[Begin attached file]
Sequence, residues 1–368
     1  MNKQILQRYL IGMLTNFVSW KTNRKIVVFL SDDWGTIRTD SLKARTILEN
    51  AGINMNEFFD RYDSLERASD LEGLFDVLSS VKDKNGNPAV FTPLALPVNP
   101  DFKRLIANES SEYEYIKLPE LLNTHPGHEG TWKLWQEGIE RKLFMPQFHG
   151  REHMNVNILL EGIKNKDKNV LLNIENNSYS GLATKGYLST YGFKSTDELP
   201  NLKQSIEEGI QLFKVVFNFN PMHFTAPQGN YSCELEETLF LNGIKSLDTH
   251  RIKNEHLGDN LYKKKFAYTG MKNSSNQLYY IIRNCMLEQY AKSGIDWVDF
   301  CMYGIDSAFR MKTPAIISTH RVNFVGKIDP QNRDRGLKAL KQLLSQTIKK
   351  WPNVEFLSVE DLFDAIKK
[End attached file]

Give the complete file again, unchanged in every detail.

Sequence, residues 1–368
     1  MNKQILQRYL IGMLTNFVSW KTNRKIVVFL SDDWGTIRTD SLKARTILEN
    51  AGINMNEFFD RYDSLERASD LEGLFDVLSS VKDKNGNPAV FTPLALPVNP
   101  DFKRLIANES SEYEYIKLPE LLNTHPGHEG TWKLWQEGIE RKLFMPQFHG
   151  REHMNVNILL EGIKNKDKNV LLNIENNSYS GLATKGYLST YGFKSTDELP
   201  NLKQSIEEGI QLFKVVFNFN PMHFTAPQGN YSCELEETLF LNGIKSLDTH
   251  RIKNEHLGDN LYKKKFAYTG MKNSSNQLYY IIRNCMLEQY AKSGIDWVDF
   301  CMYGIDSAFR MKTPAIISTH RVNFVGKIDP QNRDRGLKAL KQLLSQTIKK
   351  WPNVEFLSVE DLFDAIKK